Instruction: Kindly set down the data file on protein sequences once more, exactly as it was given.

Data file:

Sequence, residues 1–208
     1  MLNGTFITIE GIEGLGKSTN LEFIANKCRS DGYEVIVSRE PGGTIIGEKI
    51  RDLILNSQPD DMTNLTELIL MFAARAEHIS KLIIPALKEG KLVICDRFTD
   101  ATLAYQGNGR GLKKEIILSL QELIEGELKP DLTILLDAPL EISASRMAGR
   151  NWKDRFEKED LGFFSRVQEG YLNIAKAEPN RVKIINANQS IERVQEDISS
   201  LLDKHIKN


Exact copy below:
Sequence, residues 1–208
     1  MLNGTFITIE GIEGLGKSTN LEFIANKCRS DGYEVIVSRE PGGTIIGEKI
    51  RDLILNSQPD DMTNLTELIL MFAARAEHIS KLIIPALKEG KLVICDRFTD
   101  ATLAYQGNGR GLKKEIILSL QELIEGELKP DLTILLDAPL EISASRMAGR
   151  NWKDRFEKED LGFFSRVQEG YLNIAKAEPN RVKIINANQS IERVQEDISS
   201  LLDKHIKN